Design-based approaches are most suitable when:

  • observations were collected using a spatial random sampling process
  • aggregated properties of the entire sample region (or sub-region) are needed
  • estimates are required that are not sensitive to potential model misspecification, e.g. when needed for regulatory or legal purposes

In case a sampling procedure is to be planned (Jaap De Gruijter et al. 2006), some form of spatial random sampling is definitely worth considering since it opens up the possibility of following both inference frameworks.

10.2 Predictive models with coordinates

In data science projects, coordinates may be seen as features in a larger set of predictors (or features, or covariates) and treated accordingly. There are some catches with doing so.

As usual when working with predictors, it is good to choose predictive methods that are not sensitive to shifts in origin or shifts in unit (scale). Assuming a two-dimensional problem, predictive models should also not be sensitive to arbitrary rotations of the \(x\)- and \(y\)- or latitude and longitude axes. For projected (2D, Cartesian) coordinates this can be assured e.g. by using polynomials of order \(n\) as \((x+y)^n\), rather than \((x)^n + (y)^n\); for a second order polynomial this involves including the term \(xy\), so that an ellipsoidal-shape trend surface does not have to be aligned with the \(x-\) or \(y-\)axis. For a GAM model with spline components, one would use a spline in two dimensions \(s(x,y)\) rather than two independent splines \(s(x)\) and \(s(y)\) that do not allow for interaction. An exception to this “rule” is when e.g. a pure latitude effect is desired, for instance to account for yearly total solar energy influx.

When the area covered by the data is large, the difference between using ellipsoidal coordinates and projected coordinates will automatically become larger, and hence choosing one of both will have an effect on predictive modelling. For very large extents, e.g. global models, polynomials or splines in latitude and longitude will not make sense as they ignore the circular nature of longitude and the coordinate singularities at the poles. Here, spherical harmonics, base functions that are continuous on the sphere with increasing spatial frequencies can replace polynomials or be used as spline base functions.

In many cases, the spatial coordinates over which samples were collected also define the space over which predictions are made, setting them apart from other features. Many simple predictive approaches, including most machine learning methods, assume sample data to be independent. When samples are collected by spatially random sampling over the spatial target area, this assumption may be justified when working under a design-based context (Brus 2021b). This context however treats the coordinate space as the variable over which we randomize, which affords predicting values for a new randomly chosen location but rules out making predictions for fixed locations; this implies that averages over areas over which samples were collected can be obtained, but not spatial interpolations. In case predictions for fixed locations are required, or in case data were not collected by spatial random sampling, a model-based approach (as taken in Chapter 12) is needed and typically some form of spatial and/or temporal autocorrelation of residuals must be assumed.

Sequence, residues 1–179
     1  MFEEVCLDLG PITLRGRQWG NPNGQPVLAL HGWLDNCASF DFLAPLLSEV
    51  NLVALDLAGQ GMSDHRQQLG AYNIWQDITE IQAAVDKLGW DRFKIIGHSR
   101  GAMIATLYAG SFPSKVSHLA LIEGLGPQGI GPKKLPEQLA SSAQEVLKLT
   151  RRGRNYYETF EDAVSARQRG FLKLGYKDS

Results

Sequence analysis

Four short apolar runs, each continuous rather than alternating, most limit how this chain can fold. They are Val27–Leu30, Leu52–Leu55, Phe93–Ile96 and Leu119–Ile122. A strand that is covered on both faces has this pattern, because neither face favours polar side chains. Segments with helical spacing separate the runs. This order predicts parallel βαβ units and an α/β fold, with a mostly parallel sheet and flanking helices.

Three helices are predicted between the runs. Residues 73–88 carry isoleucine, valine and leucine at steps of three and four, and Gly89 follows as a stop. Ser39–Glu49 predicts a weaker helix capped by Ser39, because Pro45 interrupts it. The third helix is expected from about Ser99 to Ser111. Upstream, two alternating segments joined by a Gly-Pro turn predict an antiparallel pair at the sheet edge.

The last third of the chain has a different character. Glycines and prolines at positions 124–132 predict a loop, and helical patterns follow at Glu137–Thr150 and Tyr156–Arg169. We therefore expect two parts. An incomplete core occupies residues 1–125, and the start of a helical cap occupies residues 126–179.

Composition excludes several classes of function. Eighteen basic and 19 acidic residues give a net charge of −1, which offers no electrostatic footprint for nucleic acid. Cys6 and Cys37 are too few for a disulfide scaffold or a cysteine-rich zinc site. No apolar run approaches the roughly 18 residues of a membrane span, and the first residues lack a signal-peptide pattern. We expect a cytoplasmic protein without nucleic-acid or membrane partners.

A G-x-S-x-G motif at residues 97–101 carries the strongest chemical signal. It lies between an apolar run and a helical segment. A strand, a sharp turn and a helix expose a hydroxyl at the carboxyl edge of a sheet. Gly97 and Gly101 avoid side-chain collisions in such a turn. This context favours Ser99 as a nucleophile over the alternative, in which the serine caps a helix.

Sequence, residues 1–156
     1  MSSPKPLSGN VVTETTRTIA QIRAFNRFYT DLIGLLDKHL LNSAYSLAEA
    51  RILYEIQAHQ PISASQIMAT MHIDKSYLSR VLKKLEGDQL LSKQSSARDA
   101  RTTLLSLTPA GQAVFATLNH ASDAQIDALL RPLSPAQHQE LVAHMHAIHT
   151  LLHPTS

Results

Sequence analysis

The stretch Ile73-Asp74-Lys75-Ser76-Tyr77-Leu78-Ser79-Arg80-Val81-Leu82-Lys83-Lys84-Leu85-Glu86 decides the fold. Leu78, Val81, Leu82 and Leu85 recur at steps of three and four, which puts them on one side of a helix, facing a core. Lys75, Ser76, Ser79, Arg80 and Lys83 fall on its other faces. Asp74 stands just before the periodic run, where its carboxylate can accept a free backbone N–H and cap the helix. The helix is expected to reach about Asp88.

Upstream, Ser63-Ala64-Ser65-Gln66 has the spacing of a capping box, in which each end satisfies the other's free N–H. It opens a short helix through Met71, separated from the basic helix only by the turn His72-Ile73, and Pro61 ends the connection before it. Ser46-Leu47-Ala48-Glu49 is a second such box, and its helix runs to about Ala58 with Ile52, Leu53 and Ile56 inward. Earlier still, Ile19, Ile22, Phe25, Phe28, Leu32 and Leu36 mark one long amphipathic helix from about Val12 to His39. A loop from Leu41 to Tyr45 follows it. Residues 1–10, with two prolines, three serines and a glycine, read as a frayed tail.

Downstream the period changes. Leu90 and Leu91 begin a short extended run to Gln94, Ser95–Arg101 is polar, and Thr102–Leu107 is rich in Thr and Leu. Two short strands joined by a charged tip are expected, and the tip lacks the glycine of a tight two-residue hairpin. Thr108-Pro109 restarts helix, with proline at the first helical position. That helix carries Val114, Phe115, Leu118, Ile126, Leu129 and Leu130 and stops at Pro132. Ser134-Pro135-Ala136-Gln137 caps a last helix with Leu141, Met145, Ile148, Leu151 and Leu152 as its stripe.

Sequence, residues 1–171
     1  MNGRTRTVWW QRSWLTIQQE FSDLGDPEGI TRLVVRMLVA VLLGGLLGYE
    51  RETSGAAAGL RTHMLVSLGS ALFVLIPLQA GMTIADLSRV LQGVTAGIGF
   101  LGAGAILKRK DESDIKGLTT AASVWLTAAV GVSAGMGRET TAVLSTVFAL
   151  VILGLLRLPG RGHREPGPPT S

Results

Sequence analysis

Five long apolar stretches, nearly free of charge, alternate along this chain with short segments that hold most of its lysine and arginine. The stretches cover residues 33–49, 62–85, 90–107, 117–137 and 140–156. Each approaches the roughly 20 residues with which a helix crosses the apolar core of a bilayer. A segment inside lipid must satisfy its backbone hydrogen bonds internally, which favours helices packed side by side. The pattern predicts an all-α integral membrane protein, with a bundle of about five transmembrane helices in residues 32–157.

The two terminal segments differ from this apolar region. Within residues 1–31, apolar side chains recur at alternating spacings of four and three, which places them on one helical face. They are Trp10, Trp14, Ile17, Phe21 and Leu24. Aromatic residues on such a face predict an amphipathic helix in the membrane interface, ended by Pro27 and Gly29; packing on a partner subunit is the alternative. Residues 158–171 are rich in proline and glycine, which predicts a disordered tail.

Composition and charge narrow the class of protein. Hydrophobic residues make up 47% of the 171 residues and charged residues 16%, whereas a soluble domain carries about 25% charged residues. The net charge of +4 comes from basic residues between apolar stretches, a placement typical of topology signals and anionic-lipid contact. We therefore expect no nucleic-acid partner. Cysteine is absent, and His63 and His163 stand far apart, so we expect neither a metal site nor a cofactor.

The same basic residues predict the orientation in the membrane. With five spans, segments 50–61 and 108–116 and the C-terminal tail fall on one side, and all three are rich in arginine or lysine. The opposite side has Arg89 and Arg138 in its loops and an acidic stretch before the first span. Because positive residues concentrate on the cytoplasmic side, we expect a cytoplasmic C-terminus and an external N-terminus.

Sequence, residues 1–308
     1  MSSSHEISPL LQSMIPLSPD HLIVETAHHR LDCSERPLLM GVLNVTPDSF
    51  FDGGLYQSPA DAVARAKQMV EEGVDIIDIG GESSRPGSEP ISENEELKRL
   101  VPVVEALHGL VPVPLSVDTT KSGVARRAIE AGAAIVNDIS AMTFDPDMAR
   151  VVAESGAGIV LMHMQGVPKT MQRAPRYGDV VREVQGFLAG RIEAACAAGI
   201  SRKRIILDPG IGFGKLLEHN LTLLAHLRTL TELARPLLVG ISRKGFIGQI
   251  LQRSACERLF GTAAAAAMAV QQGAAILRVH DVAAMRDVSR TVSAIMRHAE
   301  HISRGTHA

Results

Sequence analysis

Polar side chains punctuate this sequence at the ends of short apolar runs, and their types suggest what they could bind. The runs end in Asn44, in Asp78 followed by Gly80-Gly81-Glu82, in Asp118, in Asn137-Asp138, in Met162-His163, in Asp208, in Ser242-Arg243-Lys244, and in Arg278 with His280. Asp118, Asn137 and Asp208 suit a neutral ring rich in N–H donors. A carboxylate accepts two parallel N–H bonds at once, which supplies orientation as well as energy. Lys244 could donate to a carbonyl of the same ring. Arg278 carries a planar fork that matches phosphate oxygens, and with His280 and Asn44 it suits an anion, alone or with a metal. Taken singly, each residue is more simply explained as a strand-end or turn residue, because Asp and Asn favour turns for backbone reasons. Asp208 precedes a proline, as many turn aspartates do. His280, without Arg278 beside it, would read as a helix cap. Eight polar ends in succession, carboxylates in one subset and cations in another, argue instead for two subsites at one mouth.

A common case is where sample data are collected opportunistically (“whatever could be found”), and are then used in a predictive framework that does not weigh them. This has a consequence that the resulting model may be biased towards over-represented areas (in predictor space and/or in spatial coordinates space), and that simple (random) cross validation statistics may be over-optimistic when taken as performance measures for spatial prediction (Meyer and Pebesma 2021, 2022). Adaptive cross validation measures, e.g. from spatial cross validation may help getting more relevant measures for predictive performance.

10.3 Further reading

There is a large number of papers and books available on analysing and statistical modelling of spatial and spatiotemporal data, and a very large number of R packages help doing so. Several CRAN task views try to maintain an overview of the R packages, e.g. on:

The introductions to the chapters following contain more pointers to relevant literature references. Introductions to using the integrated nested Laplace approximation (INLA) for analysing spatial data are given in Blangiardo et al. (2013), Blangiardo and Cameletti (2015), and Gómez-Rubio (2020). Krainski et al. (2018) combine the INLA approach with stochastic partial differential equations. Many of these approaches use meshes to tesselate the area, to help define a Gaussian Markov Random Field both for modelling point pattern data or geostatistical data. Spatiotemporal Bayesian modelling of change of support problems is presented in A. M. Raim et al. (2021) and Andrew M. Raim et al. (2020).